HPV

HPV stands for human papillomavirus. It is really a family of viruses rather than a single entity. There are over 100 different strains of HPV and new ones are being discovered all the time. It is estimated that up to 85% of adults in the United States will be infected with HPV in their lifetime. Most strains of HPV do not cause any problems, however, occasionally problems do occur. The strains that cause problems are known as the “high risk” strains of HPV. It is these high risk strains that are tested for when HPV testing is done. These are also the strains the vaccine protects against.

HPV is one of the most misunderstood issues in all of medicine. Many people don’t know HPV exists, but even more have an exaggerated fear of HPV. HPV can cause genital warts in both men and women. These warts are certainly obnoxious, but they are rarely dangerous and almost always easily treatable. HPV can cause cervical dysplasia in women. Cervical dysplasia can be easily diagnosed with a colposcopy and treated with a LEEP cone biopsy, a simple office procedure. It is almost unheard of for a women to develop cervical cancer if she is compliant with treatment. HPV can lead to penile cancer in men, but this is an incredibly rare cancer. Ramifications of HPV can be inconvenient and obnoxious, but they are almost never life threatening.

It is common to have HPV yet have no symptoms. When HPV is diagnosed, it is impossible to tell how long it has been present; it could have been recently acquired, or it could have been present for years.  In most people, HPV infection never causes problems. This can be understood by simple logic. The majority of adults in the US have HPV, yet genital warts and cervical dysplasia are relatively uncommon. This argues the point that most people with HPV remain asymptomatic.

There are vaccines for HPV, Gardasil being the most popular. It is my opinion that everyone should receive the HPV vaccine before they become sexually active, both boys and girls. Even though it is rare for HPV to cause life threatening problems, it is not uncommon for the virus to cause issues that require treatment. This treatment can be time consuming and expensive. Furthermore it can cause significant stress for people that develop problems. The vaccine can help reduce these issues. The reason boys should be vaccinated is the concept of “herd immunity”. If everyone in a population is vaccinated against a given disease, that disease becomes very rare, and may even become non-existent. Vaccines are not 100% effective. Herd immunity protects those in the population in which the vaccine does not work.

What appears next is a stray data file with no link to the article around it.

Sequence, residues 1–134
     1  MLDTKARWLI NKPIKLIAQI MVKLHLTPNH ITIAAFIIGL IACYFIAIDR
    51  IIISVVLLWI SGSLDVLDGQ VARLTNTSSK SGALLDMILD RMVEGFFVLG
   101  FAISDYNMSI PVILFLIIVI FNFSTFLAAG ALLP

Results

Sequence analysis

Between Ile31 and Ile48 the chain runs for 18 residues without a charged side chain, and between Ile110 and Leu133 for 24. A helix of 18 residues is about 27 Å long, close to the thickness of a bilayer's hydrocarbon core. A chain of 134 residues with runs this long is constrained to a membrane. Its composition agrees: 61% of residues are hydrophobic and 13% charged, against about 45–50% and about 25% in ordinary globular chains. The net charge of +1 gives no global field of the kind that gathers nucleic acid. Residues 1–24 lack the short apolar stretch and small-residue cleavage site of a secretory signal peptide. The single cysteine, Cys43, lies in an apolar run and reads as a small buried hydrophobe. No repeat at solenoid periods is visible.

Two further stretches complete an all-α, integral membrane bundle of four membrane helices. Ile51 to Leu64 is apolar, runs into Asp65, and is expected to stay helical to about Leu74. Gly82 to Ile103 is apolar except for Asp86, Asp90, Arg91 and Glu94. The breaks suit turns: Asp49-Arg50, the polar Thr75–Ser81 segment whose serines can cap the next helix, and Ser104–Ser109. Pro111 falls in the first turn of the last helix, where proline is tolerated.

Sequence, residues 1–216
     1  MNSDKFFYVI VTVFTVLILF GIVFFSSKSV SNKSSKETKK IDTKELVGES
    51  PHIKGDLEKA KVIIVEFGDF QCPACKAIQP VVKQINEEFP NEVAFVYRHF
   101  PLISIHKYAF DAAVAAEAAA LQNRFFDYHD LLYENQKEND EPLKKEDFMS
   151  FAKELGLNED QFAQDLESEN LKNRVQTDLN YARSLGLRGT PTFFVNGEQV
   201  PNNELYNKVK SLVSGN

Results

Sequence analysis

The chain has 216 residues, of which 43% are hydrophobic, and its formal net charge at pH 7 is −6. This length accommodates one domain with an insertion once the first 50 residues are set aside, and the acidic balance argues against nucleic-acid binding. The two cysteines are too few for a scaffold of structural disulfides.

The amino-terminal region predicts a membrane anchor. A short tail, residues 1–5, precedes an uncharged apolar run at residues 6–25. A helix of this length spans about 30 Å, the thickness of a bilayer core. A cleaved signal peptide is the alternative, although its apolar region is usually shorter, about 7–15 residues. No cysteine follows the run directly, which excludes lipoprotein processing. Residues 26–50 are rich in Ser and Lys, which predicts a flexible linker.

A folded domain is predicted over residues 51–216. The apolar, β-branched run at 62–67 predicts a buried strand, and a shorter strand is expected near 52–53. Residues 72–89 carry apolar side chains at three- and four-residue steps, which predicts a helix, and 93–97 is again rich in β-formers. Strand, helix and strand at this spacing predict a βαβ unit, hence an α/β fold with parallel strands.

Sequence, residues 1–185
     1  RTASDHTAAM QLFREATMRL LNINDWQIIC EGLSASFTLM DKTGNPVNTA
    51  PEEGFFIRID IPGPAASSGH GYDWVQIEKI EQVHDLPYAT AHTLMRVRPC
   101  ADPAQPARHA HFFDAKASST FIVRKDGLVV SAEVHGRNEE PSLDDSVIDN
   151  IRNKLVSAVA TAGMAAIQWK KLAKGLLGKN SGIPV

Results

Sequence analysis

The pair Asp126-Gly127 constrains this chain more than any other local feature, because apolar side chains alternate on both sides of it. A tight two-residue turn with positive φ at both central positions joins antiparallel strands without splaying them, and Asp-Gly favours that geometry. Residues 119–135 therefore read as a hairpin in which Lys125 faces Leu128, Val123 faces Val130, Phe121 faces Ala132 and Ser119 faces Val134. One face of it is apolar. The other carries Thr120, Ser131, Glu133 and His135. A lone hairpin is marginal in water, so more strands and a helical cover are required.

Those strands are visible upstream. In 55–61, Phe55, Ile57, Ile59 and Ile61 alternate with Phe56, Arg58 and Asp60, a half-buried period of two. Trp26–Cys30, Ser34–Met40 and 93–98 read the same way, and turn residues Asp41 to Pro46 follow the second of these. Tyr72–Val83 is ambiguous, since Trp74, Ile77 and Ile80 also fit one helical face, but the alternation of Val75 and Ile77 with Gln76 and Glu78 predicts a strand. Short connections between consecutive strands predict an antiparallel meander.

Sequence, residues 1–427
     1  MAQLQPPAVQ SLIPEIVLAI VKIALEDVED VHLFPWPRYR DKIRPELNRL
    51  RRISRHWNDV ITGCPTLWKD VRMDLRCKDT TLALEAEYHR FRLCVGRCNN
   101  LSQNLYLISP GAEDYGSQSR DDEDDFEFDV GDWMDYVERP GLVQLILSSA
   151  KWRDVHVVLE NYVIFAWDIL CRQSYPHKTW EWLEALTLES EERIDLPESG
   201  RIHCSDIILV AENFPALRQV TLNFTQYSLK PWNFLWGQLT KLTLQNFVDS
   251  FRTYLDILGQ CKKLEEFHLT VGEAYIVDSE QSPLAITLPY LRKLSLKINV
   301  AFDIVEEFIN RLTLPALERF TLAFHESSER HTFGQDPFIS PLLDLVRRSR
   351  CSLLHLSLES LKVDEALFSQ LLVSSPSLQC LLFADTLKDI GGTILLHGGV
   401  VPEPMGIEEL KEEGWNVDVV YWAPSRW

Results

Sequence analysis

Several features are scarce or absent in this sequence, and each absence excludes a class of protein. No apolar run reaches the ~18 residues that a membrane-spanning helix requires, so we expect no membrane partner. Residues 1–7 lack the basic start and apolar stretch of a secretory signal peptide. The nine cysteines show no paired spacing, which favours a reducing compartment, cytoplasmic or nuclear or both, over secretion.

People seem devastated when I tell them that the HPV test came back positive. If you have HPV it really just means that you are part of the majority of adults. It does not mean that you are dirty, bad, or immoral. It simply means that you have probably had sex some time in your life. If you are  a nun and have HPV that may be surprising; for everyone else it is sort of expected. It is my opinion, and I recognize this is controversial, this is not necessarily something that needs to be disclosed to a new partner. If for no other reason than it is so prevalent that there is an 85% chance the new partner also has HPV even if they do not know it. If both partners choose to have unprotected sex, I recommend that both be tested for STIs beforehand. If only one of the partners has HPV, this may be a reason to discuss the ramifications with your partner. This is my opinion and I certainly respect that others will disagree with it.

If you are diagnosed with HPV remember up to 85% of the population also has HPV. It will likely never cause any significant problems. Even if you develop cervical dysplasia, this can be cured with a simple office procedure. So follow your doctors advice regarding follow up and treatment, but try not to get too upset by the diagnosis. After all, the vast majority of adults share this diagnosis as well.